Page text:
The Rolex brand is older than the city of Canberra, a fact that shows not only Australia’s youth, but, by contrast, just how old watchmaking really is. It also surely makes Canberra one of the least likely places on earth to find someone in their mid-20s making a tourbillon pocket watch. Enter Reuben Schoots …
Hidden away in his workshop, Schoots is working on a project that has likely never been attempted before in Australia. He is creating a pocket watch following the George Daniels method. That means entirely by hand. His prediction is that the watch will take around 3000 hours to complete, a pace that probably outstrips the bureaucratic processes of the nearby Parliament House.
What is most interesting about this likely to be first-of-its-kind mission is that it is being undertaken by a 26-year-old who seems to possess the patience of a Stoic philosopher. He has been interested in mechanics since a young age, helping his dad with the restoration of a 1961 Triumph TR4 when he was just eight. While there are obvious similarities between vintage cars and vintage watches, it was almost by accident that Schoots was introduced to horology.
“I travelled to South America in 2015 and caught a tropical virus that damaged my immune system,” he says. “It took me over two years to recover. It gave me a lot of time to spend thinking about life, and what I would do with that life if I had an opportunity to be back to full health.”
During his recovery period, a friend loaned Schoots a book on watchmaking, which he devoured. It didn’t take long before he came across the work of George Daniels, and his ambition then began to take shape.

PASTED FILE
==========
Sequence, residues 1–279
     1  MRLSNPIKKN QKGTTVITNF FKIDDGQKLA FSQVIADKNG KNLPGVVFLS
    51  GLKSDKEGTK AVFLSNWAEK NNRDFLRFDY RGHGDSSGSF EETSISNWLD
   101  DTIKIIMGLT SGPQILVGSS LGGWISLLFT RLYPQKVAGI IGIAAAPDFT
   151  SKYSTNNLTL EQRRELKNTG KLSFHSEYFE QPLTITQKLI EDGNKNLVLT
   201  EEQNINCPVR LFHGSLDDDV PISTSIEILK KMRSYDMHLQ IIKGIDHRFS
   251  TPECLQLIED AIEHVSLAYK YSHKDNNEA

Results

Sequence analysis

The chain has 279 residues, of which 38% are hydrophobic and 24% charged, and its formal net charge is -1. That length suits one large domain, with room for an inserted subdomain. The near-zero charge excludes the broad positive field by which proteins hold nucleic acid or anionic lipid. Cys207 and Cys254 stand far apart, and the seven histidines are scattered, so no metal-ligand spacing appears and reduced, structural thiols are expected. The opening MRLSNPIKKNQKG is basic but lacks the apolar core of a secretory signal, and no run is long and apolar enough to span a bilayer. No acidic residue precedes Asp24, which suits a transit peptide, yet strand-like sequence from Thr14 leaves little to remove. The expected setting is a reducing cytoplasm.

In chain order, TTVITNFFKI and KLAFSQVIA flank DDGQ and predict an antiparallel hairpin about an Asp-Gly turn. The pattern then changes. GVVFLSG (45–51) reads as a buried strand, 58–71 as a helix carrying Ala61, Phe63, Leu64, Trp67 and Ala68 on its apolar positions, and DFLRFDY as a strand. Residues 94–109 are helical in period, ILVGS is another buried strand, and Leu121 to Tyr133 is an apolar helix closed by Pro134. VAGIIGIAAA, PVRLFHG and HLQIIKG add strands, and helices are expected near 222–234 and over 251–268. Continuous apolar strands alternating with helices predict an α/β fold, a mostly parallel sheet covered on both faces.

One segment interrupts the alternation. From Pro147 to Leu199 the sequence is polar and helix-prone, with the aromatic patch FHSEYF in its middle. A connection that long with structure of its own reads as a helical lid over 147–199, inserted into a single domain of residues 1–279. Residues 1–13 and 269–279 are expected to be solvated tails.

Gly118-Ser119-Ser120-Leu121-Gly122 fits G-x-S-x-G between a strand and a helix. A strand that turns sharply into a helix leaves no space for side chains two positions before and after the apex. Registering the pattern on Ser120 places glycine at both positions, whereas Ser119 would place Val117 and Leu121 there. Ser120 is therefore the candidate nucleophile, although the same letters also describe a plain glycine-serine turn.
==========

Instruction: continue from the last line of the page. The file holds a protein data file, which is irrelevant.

“It came down to wanting to do something meaningful, that could become a lifelong challenge. Once I discovered George Daniels, that’s when things really changed for me. It was immediately apparent in that moment that watchmaking was what I wanted to be doing.”
His passion for Daniels’ method comes from Daniels’ ability to combine the greatest watchmaking innovations of the past two centuries with what he considers to be the most beautiful designs of all time. In a blending of form and function, Daniels was an example “of a man who was an artist, so he knew how to make something beautiful, but he was also a mechanical genius”.
As Schoots returned to full health, he reached out to the local community of watchmakers, and found tremendous support for his vision. It was here that he found his mentor.
“I met a man called Lindsay Drabsch, who was an engineer at the CSIRO. His job was basically to solve engineering problems that no one else could solve, generally by building his own tools and machines.
“We got chatting about what I was trying to do, and he offered to show me his workshop. He’s definitely another George Daniels character in my life.”
Evidence of Drabsch’s brilliance can be found as far back as 1997, when the New Scientist covered his invention of a machine that helped with the classification of insect species. Drabsch is clearly not your average engineer.